The Onion Is Sold by G/O Media

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G/O Media announced on Thursday that it had sold The Onion, a satirical news site, to a group of digital media veterans.

The Onion, which started in 1988 in Wisconsin as a weekly satirical newspaper and later became a website, is known for its parodies of current events. For the last decade, it has republished the same headline after nearly every mass shooting: “‘No Way to Prevent This,’ Says Only Nation Where This Regularly Happens.”

In an email to G/O Media staff that was obtained by The New York Times, Jim Spanfeller, the chief executive, said the company was “undergoing an extensive review of our portfolio with the intention of coring down to our leading sites in terms of audience and revenues.” He said G/O Media had agreed to sell to “a new Chicago-based firm called Global Tetrahedron.”

“This company is made up of four digital media veterans with a profound love for The Onion and comedy-based content,” Mr. Spanfeller wrote. “The site’s new owners have agreed to keep The Onion’s entire staff intact and in Chicago, something we insisted be part of the deal.”

The name Global Tetrahedron is, in true Onion fashion, a winking reference to a sinister fictional company featured in the book “Our Dumb Century,” which was written by The Onion’s staff and published in 1999.

The real-life Global Tetrahedron is owned by Jeff Lawson, a co-founder and former chief executive of the technology communications company Twilio. The chief executive is Ben Collins, who was a senior reporter at NBC News until recently. Leila Brillson, a former TikTok executive, and Danielle Strle, previously at Tumblr, round out the executive team.

In an interview, Mr. Lawson said that he had long wanted to buy The Onion and had pursued the project at various points in time before linking up with Mr. Collins, who started pondering the idea early this year.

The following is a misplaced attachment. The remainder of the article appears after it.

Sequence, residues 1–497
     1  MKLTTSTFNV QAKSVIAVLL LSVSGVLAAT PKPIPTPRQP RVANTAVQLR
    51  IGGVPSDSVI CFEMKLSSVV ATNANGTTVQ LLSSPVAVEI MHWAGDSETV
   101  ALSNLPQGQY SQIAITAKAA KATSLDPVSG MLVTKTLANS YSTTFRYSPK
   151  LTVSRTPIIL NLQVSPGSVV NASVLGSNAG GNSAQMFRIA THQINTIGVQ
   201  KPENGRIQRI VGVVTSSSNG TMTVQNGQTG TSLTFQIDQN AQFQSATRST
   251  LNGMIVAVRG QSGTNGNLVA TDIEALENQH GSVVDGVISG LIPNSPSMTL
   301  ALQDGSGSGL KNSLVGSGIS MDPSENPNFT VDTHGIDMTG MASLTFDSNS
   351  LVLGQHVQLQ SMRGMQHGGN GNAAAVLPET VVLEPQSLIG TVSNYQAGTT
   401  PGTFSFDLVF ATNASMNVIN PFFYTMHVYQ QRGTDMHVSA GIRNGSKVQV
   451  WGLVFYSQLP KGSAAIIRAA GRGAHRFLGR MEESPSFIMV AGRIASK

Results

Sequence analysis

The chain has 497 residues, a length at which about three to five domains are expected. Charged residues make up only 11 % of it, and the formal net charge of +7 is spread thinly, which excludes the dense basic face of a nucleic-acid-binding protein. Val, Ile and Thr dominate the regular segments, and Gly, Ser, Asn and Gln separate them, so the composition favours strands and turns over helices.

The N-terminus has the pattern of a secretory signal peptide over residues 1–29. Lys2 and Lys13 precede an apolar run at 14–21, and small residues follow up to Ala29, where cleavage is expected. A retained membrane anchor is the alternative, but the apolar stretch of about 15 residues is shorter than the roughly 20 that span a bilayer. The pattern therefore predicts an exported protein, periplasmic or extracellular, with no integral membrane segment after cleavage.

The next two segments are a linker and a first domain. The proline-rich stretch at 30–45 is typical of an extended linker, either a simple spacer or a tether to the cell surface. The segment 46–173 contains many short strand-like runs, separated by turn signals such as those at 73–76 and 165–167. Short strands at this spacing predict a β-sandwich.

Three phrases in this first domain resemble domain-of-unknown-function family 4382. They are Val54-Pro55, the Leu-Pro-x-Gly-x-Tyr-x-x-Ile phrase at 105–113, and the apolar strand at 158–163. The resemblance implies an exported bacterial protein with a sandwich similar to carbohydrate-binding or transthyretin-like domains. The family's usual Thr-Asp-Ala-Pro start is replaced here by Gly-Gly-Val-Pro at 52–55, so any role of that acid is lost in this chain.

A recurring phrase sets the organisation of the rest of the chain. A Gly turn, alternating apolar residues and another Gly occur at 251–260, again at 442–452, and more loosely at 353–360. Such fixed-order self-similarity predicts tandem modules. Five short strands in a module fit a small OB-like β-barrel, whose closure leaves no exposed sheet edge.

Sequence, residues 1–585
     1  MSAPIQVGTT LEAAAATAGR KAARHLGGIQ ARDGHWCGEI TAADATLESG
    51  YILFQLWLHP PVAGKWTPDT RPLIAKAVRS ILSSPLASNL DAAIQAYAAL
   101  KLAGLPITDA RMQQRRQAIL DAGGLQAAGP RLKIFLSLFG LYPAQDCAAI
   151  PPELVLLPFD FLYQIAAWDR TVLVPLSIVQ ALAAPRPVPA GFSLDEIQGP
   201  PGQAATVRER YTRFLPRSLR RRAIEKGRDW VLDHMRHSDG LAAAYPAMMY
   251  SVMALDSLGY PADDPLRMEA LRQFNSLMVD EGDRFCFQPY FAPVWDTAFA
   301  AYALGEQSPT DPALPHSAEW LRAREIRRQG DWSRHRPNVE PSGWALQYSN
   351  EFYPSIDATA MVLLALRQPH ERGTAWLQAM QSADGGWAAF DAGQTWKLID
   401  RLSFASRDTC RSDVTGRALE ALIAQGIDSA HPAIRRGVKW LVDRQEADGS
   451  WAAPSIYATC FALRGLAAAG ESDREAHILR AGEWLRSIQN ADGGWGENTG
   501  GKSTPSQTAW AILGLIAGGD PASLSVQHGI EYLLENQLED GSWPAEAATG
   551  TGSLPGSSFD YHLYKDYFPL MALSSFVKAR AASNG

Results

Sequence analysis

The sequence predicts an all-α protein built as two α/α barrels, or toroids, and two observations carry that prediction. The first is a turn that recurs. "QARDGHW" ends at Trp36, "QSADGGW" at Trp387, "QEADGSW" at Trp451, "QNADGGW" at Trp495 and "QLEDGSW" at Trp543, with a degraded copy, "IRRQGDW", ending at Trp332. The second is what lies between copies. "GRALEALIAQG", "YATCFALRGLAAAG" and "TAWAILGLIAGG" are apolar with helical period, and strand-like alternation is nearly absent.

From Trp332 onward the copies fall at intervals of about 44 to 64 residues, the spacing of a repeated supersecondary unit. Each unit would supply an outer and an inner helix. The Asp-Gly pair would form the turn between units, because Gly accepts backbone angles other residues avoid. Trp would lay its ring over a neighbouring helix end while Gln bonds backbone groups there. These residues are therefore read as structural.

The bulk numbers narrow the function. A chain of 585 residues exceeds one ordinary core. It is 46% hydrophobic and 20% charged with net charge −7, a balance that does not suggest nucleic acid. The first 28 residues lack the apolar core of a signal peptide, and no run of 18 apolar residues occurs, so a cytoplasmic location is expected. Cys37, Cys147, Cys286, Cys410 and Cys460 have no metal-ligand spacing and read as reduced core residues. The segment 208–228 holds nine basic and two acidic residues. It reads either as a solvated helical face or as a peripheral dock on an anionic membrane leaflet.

“The world needs laughter; it needs satirical criticism more than ever,” Mr. Lawson said. “And that’s why we think this is the right time and the right way to help The Onion continue to grow, continue to flourish, and frankly I’m concerned if we hadn’t done this, I don’t know what would have happened.”

Mr. Collins said audiences had a longstanding connection to The Onion and noted that many of the website’s writers and editors had been there for years.

“Our goal is to be stewards for this thing,” he said. “We’re keeping all the writers, we’re going to work with the union, we’re going to make it so they can hopefully get paid a little bit more money, and we’re going to give them the room to grow.”

The new owners said they planned to improve user experience on the website and expand into multimedia, but otherwise wanted The Onion’s staff members to continue to do the work they’ve been doing.

Mr. Lawson and Mr. Collins, who were in Chicago Thursday to meet The Onion’s editorial staff, declined to disclose the deal price. Noah Shachtman, the former editor in chief of Rolling Stone, has advised on the project, according to two people with knowledge of the deal.

“The Onion is just an institution,” Mr. Lawson said, adding: “It should be preserved and it should be great.”

The website is the latest to be shed by G/O Media, which still publishes a few stalwart internet brands like Gizmodo, The Root and Quartz. In recent years, the company sold off Jezebel, Lifehacker, Deadspin and the A.V. Club. G/O Media was formed in 2019 by the private equity firm Great Hill Partners after it bought a collection of websites that were once part of Gawker Media.



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